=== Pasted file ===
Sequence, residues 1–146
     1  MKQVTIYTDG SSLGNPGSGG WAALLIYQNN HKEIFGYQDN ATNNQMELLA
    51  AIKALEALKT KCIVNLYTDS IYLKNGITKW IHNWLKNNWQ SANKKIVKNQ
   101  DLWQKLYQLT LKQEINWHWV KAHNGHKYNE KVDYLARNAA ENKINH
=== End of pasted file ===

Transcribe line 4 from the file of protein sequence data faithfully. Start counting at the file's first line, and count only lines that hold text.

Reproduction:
   101  DLWQKLYQLT LKQEINWHWV KAHNGHKYNE KVDYLARNAA ENKINH